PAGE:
Quick Lit: March

Product DetailsThe Road from Home by David Kherdian.  This book is an account of a young woman’s life during the Armenian Genocide.  The story reads like a novel and would have flown by if my children hadn’t kept asking me to take a break because it was so sad. Veron, the main character, grows from pampered eldest daughter into a resilient survivor, and then into a young woman wanting to determine her own future.  There is kindness here, and bravery. Worth the read for the character and for the story, not to mention for the history.

Product DetailsFirst Cut by Mary Birk.  The second book in the Terrence Reid series, this thriller is broader in scope than the first.  Reid’s character deepens, and the relationship between Reid and his wife flows at the same dramatic pace as the story.  Read it with the lights on, though– it’s scary.

Product DetailsProduct DetailsAt Risk and The Front by Patricia Cornwell.  These two are the start of a second series by Cornwell, and although I don’t like the characters as much as I like Kay Scarpetta, the narrative is fresh and immediate.  The books are much shorter, and– so far– free of the serial killers that bogged down the later Scarpetta books.  I liked them.

Product DetailsBlack Notice by Patricia Cornwell.  I’ve been reading the Scarpetta books completely out of order, and this one caught me completely off-guard, as at the beginning of the book one of the characters I really liked was dead.  I kept waiting for Scarpetta to discover it was all a ruse or mistake, and that never happened, which I think was part of the point.  The grief was very real.  Cornwell does forensics so well, to the point that the dead speak, and this one was exceptionally vivid.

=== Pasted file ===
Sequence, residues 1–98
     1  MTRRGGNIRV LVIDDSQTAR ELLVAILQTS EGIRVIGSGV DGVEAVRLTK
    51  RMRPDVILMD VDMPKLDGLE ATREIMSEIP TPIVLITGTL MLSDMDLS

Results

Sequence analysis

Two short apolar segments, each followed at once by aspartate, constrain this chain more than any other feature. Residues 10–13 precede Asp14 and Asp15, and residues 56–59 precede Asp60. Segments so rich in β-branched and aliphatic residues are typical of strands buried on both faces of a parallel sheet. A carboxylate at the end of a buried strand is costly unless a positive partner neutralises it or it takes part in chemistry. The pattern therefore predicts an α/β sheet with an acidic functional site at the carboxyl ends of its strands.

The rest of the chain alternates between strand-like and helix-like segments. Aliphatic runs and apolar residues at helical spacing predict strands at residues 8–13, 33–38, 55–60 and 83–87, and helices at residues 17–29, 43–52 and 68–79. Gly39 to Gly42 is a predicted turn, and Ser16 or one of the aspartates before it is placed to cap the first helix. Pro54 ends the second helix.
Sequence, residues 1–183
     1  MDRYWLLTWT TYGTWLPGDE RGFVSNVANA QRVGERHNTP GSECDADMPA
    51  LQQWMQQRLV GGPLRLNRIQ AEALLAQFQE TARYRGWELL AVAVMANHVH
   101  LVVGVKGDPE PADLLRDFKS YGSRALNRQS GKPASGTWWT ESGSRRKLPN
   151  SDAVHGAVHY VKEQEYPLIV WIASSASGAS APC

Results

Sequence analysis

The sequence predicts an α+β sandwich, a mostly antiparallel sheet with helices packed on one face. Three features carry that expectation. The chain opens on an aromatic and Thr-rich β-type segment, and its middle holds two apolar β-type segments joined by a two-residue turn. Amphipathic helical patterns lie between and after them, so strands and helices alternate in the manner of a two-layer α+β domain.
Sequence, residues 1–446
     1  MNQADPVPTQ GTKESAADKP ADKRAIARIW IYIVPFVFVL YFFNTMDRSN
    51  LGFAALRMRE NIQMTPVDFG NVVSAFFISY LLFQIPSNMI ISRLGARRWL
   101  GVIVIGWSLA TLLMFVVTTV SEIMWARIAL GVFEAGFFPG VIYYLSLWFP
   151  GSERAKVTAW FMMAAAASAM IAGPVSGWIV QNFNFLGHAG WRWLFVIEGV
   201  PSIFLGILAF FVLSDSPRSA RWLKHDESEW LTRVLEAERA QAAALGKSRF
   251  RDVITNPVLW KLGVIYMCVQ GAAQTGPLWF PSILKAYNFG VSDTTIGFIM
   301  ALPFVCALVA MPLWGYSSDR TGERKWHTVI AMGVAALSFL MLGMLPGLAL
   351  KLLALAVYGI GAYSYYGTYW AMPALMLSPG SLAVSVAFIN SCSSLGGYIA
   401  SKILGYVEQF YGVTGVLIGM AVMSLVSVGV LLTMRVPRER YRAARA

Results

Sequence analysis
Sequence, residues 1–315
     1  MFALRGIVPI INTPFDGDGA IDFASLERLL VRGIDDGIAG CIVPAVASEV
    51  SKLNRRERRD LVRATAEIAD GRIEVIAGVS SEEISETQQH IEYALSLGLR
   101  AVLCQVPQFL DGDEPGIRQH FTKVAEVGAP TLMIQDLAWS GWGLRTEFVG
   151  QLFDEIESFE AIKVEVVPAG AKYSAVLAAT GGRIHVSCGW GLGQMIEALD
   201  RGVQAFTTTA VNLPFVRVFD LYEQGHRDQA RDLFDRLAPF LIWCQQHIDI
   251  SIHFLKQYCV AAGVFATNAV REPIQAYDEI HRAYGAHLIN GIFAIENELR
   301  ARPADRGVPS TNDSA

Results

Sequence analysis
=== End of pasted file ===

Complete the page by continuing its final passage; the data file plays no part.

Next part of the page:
Product DetailsThe Incorrigible Children of Ashton Place by Maryrose Wood.  This book came recommended to me as “Jane Eyre without Mr. Rochester.”  And as far one could describe Jane Eyre as a book about a young governess thrust into a house with secrets, that’s accurate. Unlike Jane Eyre, this is a YA or MG read-aloud without much emotional depth, and the end didn’t satisfy me.  None of the questions posed were answered.  My children, however, asked to begin the sequel immediately, which we’ve done.  I have to give a shout to the illustrator- the drawings had a whimsy entirely suited to the book.

Product DetailsWhat the Bride Didn’t Know by Kelly Hunter.  This is the third book of Hunter’s I’ve read, and they are all true to a traditional romance formula. Beyond that, though, her characters are fresh and bold, with real issues and backstories she paints so well.  Her dialogue is brilliant, and I always come away feeling like I know the people I’ve just been reading about.

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5 thoughts on “Quick Lit: March

  1. Pingback: 20th Century History Readings | Learning As We Go

  2. Pingback: Quick Lit: October | Learning As We Go

  3. Pingback: Quick Lit: December 2015 | Learning As We Go

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